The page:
Remind me not to buy American Apparel clothes

This is the beauty of the marketplace:  American Apparel can use its advertisements for clothes to advance a political agenda that urges us to dissolve our borders (which probably makes a wholesome change from the semi-pornographic ads it ran before) and I can refuse ever to buy these clothes, and urge all of you not to buy them either.  Ms Magazine is also a good example of the marketplace concept:  it can refuse to run an advertisement showing successful women in Israel (no doubt because it conflicts with the Leftist paradigm of Israel as the only backwards State in the Middle East), and it can be reviled across the internet — and, with luck, of its five remaining subscribers, one might be embarrassed and cancel her subscription.

On the subject of pornographic ads and clothes, there is an Abercrombie in my local mall.  I grew up when Abercrombie was staid and preppy.  My daughter, who desperately wants Abercrombie because the trendy girls in her school boast about it, grows up in an era when Abercrombie is sleazy and disgusting — if not in its clothes, than in its advertisements.  Passing the store with her the other day, one could see in the entry way, visible to anyone passing by, a huge black and white photo of a young man with his pants down to his thighs, running away from a group of people who were chasing after him.  I suspect that, on Madison Avenue (or its regional equivalent), they thought this showed young people running from convention and breaking free from conservative oppression.  To me, it looked like nothing more than a young man trying to escape a gang rape.  It is a very creepy picture, and I’m not going to take my children into a store with that kind of S-M porn on the walls.

8 Responses

  1. How degenerative as disturbing as old people suffering from osteopornosis . Abercrummie are a bunch of ignoranuses !

  2. I’m even older. I remember going into Abercrombie & Fitch when it was THE sporting goods store for big game hunting. I would go into the San Francisco store and see fine, handmade English double-barreled rifles suitable for Cape Buffalo.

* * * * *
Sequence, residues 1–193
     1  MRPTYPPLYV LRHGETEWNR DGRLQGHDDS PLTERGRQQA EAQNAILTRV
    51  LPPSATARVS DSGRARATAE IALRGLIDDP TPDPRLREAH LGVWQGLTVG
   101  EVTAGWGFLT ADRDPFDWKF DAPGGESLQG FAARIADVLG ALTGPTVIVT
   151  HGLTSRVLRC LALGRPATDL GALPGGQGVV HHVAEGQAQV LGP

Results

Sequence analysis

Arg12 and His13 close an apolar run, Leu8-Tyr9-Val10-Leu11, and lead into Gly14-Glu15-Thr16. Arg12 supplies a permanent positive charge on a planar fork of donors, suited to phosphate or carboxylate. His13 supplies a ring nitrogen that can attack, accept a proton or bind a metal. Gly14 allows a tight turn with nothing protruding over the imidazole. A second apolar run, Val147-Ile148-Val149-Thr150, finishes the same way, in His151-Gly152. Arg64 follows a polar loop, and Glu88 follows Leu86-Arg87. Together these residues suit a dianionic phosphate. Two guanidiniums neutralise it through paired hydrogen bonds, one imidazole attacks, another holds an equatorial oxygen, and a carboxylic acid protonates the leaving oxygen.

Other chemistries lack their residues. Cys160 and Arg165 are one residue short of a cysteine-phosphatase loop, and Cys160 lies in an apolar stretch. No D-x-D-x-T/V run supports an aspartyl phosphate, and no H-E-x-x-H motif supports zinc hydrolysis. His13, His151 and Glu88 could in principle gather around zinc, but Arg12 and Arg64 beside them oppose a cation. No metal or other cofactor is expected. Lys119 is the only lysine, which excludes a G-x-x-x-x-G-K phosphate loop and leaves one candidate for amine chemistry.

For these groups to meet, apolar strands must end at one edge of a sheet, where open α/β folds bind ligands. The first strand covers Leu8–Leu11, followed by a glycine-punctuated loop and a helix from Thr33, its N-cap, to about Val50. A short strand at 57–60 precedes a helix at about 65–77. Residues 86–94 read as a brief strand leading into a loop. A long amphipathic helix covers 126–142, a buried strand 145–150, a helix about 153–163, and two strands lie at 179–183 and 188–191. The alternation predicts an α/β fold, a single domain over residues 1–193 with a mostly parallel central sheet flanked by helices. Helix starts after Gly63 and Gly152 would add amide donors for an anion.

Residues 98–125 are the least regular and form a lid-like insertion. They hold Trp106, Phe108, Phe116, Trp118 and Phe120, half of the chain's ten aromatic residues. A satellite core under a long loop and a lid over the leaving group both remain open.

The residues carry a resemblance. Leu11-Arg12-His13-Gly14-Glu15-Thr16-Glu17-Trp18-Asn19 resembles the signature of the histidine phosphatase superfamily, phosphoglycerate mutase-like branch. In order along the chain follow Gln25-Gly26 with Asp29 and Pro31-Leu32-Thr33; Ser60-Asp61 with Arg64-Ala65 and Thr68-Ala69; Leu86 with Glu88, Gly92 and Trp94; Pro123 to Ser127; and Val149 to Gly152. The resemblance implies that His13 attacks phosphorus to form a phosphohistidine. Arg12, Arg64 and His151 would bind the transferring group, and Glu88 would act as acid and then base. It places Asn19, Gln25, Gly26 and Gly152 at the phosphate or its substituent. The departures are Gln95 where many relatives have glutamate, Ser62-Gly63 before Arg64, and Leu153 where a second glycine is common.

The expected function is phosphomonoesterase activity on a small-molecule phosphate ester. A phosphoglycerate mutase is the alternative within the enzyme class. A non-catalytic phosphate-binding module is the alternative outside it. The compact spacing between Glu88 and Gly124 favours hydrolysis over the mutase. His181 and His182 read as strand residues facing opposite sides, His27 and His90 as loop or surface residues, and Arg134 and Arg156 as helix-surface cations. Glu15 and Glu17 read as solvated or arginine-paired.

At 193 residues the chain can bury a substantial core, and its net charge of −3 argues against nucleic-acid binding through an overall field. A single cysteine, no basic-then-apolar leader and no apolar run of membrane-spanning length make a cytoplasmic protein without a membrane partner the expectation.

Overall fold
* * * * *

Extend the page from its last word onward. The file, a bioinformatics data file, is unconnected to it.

Times change…

  3. Bookworm,

    Abercrombie & Fitch does indeed display disturbing pictures on their walls. I remember the few times I walked inside and I thought to myself, “And this stuff sells? This turns people on?” I thought perhaps that at the tender age of twenty-nine, I’ve become a curmudgeon before my time. But alas I don’t think I’m alone.

    Like you, I used to think Abercrombie was a preppy sort of store. I guess something changed there in the late 90’s because when you walk through one of their stores it’s like you’re walking through those tacky black and white non-sequitor Obsession commercials.

    And then the noise level is… well, maybe I am being a curmudgeon : )

  4. Ah, James!! A contemporary…..do you remember the (almost) life-size leather rhinoceros that Abercrombie’s used to have in the front of that store?

    And practically next door was Goldberg-Bowens, where we got FABULOUS sandwiches built to order. Dessert was always down at Union Square — in Blum’s, where we had a Napoleon, and then bought brioche, which my Mom loved, and Danish pastries to take home to Dad in Ukiah.

    I LOVED “orthodontia day” in S.F……450 Sutter, forever!!!